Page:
Your browser does not support our new site design, so some things might not display or function properly.
We suggest upgrading to Google Chrome, Firefox, or Internet Explorer 9+ for the optimal experience.

The Achordants

University of North Carolina at Chapel Hill

High Stakes Old Maid (2008)

4.0

May 3, 2008

Tuning / Blend 4.3
Energy / Intensity 4.7
Innovation / Creativity 3.7
Soloists 4.7
Sound / Production 3.3
Repeat Listenability 3.0
Tracks
1 Carry On Wayward Son 4.3
2 Such Great Heights 3.7
3 The Sound of Silence 3.7
4 Don't You Worry 'Bout A Thing 4.0
5 Come On Eileen 4.0
6 Flagpole Sitta 3.7
7 Long Train Runnin' 4.7
8 Hide And Seek 4.3
9 Crazy 3.7
10 More Than A Feeling 4.3
11 Sitcom Medley 3.0
12 Mack the Knife 4.0

Recorded 2006 – 2007
Total time: 46:17, 12 songs


Tuning / Blend 4
Energy / Intensity 5
Innovation / Creativity 4
Soloists 5
Sound / Production 3
Repeat Listenability 2
Tracks
1 Carry On Wayward Son 4
2 Such Great Heights 4
3 The Sound of Silence 4
4 Don't You Worry 'Bout A Thing 4
5 Come On Eileen 4
6 Flagpole Sitta 4
7 Long Train Runnin' 4
8 Hide And Seek 4
9 Crazy 4
10 More Than A Feeling 4
11 Sitcom Medley 2
12 Mack the Knife 4

UNC Achordants's High Stakes Old Maid: I love them. I hate them. They're hurting my brain.

Buckets of impossibly kick-ass leads on impossibly hard songs. Interesting, thoughtful, effective arrangements. Unbridled vocal passion! The Achordants push the saloon doors open, saunter in and give standard collegiate wimpyness a kick in the 'nads.

If someone played just the leads, you'd never think that this was collegiate. It's too good, too mature, too expressive. You'd think, these guys can make any group sound kick ass! Who even cares what the backups sound like!

But then you hear the backups and ask: what the hell is this crap?

The backups are sung with dynamics, with energy, and with solid intonation and blend. So what's wrong? The backgrounds don't serve the songs. Background nonsense syllables like "joh" "doh" "dee" "doo" and "bum" are precisely enunciated as if they were more important than the leads (which if sung that way would have been comical). Worse, these nonsense syllables are then shoved in the listener's face; they're hotter in the mix than the leads. It's beyond distraction. It's gross. Nauseating. Criminal. Bewildering.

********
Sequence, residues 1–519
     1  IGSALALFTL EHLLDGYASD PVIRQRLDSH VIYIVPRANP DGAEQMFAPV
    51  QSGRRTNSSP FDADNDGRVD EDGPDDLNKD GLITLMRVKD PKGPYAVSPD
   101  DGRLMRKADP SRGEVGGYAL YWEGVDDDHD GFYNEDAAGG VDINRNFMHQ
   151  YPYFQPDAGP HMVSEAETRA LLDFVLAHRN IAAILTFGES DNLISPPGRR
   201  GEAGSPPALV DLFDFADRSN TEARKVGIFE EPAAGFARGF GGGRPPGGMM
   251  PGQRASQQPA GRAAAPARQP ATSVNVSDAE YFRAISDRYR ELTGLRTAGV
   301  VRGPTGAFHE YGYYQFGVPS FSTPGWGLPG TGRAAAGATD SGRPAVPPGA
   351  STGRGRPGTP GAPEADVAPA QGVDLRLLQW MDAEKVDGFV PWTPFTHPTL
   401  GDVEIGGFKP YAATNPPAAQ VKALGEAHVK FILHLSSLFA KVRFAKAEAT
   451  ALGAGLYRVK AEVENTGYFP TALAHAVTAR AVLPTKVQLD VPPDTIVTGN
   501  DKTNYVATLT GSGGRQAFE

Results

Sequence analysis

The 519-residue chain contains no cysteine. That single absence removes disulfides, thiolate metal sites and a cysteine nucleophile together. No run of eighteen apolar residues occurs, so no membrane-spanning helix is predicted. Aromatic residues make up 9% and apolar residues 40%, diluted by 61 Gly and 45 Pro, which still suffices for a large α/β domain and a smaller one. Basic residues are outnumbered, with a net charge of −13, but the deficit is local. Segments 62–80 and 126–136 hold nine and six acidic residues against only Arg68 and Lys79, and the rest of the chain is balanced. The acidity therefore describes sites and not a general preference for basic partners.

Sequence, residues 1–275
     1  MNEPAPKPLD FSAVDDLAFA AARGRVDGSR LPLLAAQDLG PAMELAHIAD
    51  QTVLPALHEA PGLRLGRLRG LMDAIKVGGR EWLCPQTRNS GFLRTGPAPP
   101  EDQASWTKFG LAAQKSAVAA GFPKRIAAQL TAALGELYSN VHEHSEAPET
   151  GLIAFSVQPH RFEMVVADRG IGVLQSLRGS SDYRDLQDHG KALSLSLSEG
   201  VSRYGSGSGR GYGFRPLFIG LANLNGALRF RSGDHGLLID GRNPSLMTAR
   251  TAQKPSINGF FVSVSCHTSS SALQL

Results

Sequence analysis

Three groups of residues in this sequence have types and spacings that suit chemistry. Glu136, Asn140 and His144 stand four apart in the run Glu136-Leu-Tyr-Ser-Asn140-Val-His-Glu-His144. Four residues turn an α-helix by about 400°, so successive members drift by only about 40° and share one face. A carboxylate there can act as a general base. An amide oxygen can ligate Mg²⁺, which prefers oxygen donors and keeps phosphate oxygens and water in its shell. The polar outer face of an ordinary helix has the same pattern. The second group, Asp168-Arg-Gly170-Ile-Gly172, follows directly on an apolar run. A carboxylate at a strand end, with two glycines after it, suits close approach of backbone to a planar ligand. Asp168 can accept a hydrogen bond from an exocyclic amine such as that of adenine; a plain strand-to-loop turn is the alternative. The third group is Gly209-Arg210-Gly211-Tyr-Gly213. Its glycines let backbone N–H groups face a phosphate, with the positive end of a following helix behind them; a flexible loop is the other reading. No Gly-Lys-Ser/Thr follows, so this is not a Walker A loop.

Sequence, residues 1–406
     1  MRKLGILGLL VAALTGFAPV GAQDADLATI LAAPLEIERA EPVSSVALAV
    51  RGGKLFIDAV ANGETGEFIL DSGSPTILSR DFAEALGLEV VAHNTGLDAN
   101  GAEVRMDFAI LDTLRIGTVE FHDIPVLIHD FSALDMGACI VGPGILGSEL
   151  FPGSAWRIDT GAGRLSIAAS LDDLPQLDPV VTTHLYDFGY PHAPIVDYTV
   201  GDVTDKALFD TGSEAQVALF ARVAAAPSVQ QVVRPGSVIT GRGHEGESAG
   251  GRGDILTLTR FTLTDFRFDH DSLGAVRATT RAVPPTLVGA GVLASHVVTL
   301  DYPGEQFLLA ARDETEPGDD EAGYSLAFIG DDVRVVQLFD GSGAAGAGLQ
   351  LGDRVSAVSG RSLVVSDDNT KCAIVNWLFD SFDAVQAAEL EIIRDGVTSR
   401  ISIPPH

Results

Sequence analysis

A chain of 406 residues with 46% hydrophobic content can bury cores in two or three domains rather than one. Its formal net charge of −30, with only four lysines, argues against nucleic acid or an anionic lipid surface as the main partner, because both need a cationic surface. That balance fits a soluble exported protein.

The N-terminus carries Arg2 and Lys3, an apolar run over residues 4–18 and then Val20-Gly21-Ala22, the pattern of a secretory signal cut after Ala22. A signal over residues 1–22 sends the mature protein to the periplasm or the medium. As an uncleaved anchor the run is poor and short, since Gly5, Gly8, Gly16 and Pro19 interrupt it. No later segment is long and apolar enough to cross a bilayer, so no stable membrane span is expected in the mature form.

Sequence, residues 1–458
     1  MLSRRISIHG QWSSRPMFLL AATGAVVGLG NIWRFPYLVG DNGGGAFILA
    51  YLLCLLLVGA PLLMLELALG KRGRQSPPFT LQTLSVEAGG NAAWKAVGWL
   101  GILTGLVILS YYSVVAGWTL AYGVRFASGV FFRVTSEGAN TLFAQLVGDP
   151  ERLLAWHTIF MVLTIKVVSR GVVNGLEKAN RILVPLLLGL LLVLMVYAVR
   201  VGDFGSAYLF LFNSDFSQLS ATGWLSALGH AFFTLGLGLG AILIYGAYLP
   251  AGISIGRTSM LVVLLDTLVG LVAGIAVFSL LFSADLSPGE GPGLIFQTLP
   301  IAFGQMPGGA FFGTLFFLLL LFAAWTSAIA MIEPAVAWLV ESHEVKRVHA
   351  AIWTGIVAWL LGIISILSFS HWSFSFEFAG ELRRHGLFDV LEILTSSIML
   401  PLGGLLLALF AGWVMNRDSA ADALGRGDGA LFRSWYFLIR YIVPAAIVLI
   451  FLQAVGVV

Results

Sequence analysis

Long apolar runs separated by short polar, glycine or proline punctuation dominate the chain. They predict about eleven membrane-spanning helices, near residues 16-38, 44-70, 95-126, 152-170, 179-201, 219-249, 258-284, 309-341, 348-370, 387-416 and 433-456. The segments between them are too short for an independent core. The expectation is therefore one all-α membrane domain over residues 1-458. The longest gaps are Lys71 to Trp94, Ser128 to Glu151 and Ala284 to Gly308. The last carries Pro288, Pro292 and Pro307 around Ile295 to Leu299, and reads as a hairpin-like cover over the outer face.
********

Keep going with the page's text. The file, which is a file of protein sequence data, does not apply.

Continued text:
I have to admit that the Achordants are so consistent and aggressive about this grotesque juxtaposition of awesome and suck that they've got me doubting myself. After multiple listens, I start to think, "No. I'm wrong. I have to be wrong. It's ... supposed to ... supposed to ... sound ...clumsy. They were going for clumsy."

Perhaps it's like impressionist paintings being critiqued for lack of clarity.

Better yet, it's a bit like asking whether punk "should" be sung out of tune. Do we overlook intonation in punk as unimportant — or even deliberately aim for poor singing in punk as a further rebellion against all that is status quo? Is that the state of collegiate a cappella? Is replacing standard musicality with loud, stupid syllables the "point"? Is this the punk of the aughts? Does that half-moon configuration with the pitch on stage left camouflage the stealthiest coup d'├ętat in musical history?

Hell if I know. I can tell you that no other group has ever made me wonder about it so vehemently.

Worshipers at the alter of "din, din, shuh din doh dah doh ah...jah jigga digga jah dah", you will claw off the shrink wrap and make mad, passionate love to this CD. Those possessed of more mainstream musical sensibilities will admire the killer leads, bemoan the distractions and question the very fabric of a cappella reality.


Tuning / Blend 5
Energy / Intensity 5
Innovation / Creativity 4
Soloists 5
Sound / Production 4
Repeat Listenability 4
Tracks
1 Carry On Wayward Son 4
2 Such Great Heights 4
3 The Sound of Silence 4
4 Don't You Worry 'Bout A Thing 4
5 Come On Eileen 4
6 Flagpole Sitta 4
7 Long Train Runnin' 5
8 Hide And Seek 5
9 Crazy 3
10 More Than A Feeling 4
11 Sitcom Medley 4
12 Mack the Knife 5

High Stakes Old Maid sounds a lot like Polluted with Style, except more refined, more "Let's really bring it this time." You'll hear harder arrangements and more diverse soloists. You'll hear the group's extra close attention to musicality, their excellent balance, and you'll really hear their insane energy level. And even though the awesome bagpipes have retired, the Achordants have enough air to wail without them.